Hong Kong citizens voice their denouncement of the Foreign Correspondents' Club outside its office in Central for hosting a separatist talk by Andy Chan Ho-tin, an open advocate of Hong Kong independence. (PARKER ZHENG / CHINA DAILY)
HONG KONG - Pro-independence activist Andy Chan Ho-tin, convener of the Hong Kong National Party, and the Hong Kong Foreign Correspondents’ Club may have committed “seditious intention” and other offenses under the Crimes Ordinance after the club hosted Chan for a luncheon talk in which he called for the special administrative region to secede from China, legal experts said on Tuesday.
As it not only provided a venue for Chan to push Hong Kong independence, but also broadcast Chan’s speech live on social media, the FCC in fact helped Chan spread the notion to incite the public’s hatred against the central government and the SAR government, Song said
Chan, who called the People’s Republic of China a “colonial master” and openly advocated for Hong Kong’s independence from the country, violated the Basic Law and the national Constitution by his actions, said Song Sio-chong, a professor at the Research Center of Hong Kong and Macao Basic Law, Shenzhen University.
As it not only provided a venue for Chan to push Hong Kong independence, but also broadcast Chan’s speech live on social media, the FCC in fact helped Chan spread the notion to incite the public’s hatred against the central government and the SAR government, Song said. Therefore, the club should carry the same criminal responsibilities under the city’s legislation, he said.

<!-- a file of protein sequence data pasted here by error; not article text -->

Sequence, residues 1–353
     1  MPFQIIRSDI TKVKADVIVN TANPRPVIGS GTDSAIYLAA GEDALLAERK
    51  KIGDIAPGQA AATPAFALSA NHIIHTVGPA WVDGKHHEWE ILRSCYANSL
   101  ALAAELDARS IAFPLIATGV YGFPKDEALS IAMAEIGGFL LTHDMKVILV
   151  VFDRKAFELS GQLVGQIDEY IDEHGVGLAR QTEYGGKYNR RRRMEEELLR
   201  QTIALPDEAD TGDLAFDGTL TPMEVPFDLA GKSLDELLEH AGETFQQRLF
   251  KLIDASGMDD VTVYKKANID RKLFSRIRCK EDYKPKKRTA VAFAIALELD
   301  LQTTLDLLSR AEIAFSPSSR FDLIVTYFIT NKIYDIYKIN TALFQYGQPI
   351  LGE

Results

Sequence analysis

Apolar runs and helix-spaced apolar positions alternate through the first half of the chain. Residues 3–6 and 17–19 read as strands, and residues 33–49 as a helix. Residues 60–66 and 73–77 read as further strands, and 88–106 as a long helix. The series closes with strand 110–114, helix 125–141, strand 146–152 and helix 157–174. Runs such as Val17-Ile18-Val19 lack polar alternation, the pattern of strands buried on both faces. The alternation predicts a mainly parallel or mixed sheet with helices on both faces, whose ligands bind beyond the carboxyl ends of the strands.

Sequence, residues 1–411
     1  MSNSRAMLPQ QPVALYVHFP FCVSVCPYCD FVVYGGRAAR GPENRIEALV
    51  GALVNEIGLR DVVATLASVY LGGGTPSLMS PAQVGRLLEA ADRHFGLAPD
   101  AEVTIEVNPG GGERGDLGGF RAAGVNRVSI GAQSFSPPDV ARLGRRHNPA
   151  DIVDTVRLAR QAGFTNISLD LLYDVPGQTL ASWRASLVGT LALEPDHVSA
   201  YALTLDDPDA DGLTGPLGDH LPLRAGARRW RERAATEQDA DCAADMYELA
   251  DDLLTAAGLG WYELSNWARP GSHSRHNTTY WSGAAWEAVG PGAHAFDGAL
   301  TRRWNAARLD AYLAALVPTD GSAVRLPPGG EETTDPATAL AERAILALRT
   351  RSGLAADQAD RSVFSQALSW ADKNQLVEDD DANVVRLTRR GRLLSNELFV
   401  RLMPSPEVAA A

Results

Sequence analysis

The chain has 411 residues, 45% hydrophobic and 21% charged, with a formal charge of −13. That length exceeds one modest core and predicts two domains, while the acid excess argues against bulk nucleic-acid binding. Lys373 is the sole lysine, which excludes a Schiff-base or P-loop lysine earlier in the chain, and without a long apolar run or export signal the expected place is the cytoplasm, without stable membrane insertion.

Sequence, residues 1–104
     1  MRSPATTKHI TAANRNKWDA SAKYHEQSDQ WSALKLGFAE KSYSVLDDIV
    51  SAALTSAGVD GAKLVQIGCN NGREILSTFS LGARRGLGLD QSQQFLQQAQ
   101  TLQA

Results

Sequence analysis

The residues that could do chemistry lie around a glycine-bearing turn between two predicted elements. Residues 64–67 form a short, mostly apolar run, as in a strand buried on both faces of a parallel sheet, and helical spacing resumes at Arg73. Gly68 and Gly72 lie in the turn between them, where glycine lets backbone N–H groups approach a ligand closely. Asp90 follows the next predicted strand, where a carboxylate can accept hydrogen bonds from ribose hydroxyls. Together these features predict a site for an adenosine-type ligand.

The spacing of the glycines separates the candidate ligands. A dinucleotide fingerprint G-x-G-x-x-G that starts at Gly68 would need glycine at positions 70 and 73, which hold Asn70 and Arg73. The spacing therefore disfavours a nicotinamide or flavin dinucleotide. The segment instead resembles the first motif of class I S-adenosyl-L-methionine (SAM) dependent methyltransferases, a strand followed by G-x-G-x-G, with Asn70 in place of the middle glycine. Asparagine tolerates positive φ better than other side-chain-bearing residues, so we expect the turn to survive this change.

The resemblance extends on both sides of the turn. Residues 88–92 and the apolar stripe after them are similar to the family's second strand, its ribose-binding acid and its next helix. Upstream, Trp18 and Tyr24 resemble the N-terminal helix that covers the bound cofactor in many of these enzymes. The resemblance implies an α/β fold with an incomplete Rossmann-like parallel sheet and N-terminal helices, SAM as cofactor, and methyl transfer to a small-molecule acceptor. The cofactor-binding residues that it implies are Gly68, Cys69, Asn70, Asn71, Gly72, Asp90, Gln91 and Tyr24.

According to Section 3(1) of the Crimes Ordinance, any person intended to depose “Her Majesty’s dominions” and manifests such intention by an overt act, shall be guilty and is liable to imprisonment for life.
The reference to “Her Majesty” in the ordinance, which was enacted before Hong Kong’s return to the motherland, shall be construed as the central government or other competent authorities of the country, when the content involves the relationship between the central government and the HKSAR, according to Annex 3 of Instrument 16 of the Basic Law.
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As for seditious intention, according to Section 9 and 10 of the Crimes Ordinance, it refers to intention such as to bring into hatred or to excite disaffection against the central government’s dominions or against the SAR government.
Conviction on a first offense can result in a fine of HK$5,000 and two years’ imprisonment. A subsequent offense can result in imprisonment for three years.
Lawrence Ma Yan-kwok, a barrister and chairman of the Hong Kong Legal Exchange Foundation, echoed Song’s views. He said leaders of the FCC, who made the decision to invite Chan to give a speech, could be prosecuted for seditious intention as well.
Ma noted that the FCC rented its building in Central from the SAR government, and the lease between the two parties stipulates that the venue can’t be used for any illegal activities. Therefore the SAR government should end the tenancy with FCC immediately, Ma said.
In his speech, Chan called for support from the international community on Hong Kong’s independence, the way they supported the independence of Tibet and Xinjiang autonomous regions. This undermined China’s national sovereignty, security and territorial integrity, which violates the Basic Law, Ma said.
Agreeing with Ma, barrister Ronny Tong Ka-wah said Chan’s call for international intervention, such as his call for the United States to impose political sanctions against the SAR government, demonstrated the harm of Chan’s party to Hong Kong society.
Tong said he thought that what Chan said at the FCC could be used as evidence for the Security Bureau to ban HKNP’s operation on national security grounds. Noting that Chan has been given until Sept 4 to explain why such a ban is unnecessary, Tong said his speech on Tuesday made it unlikely he’ll avoid it.
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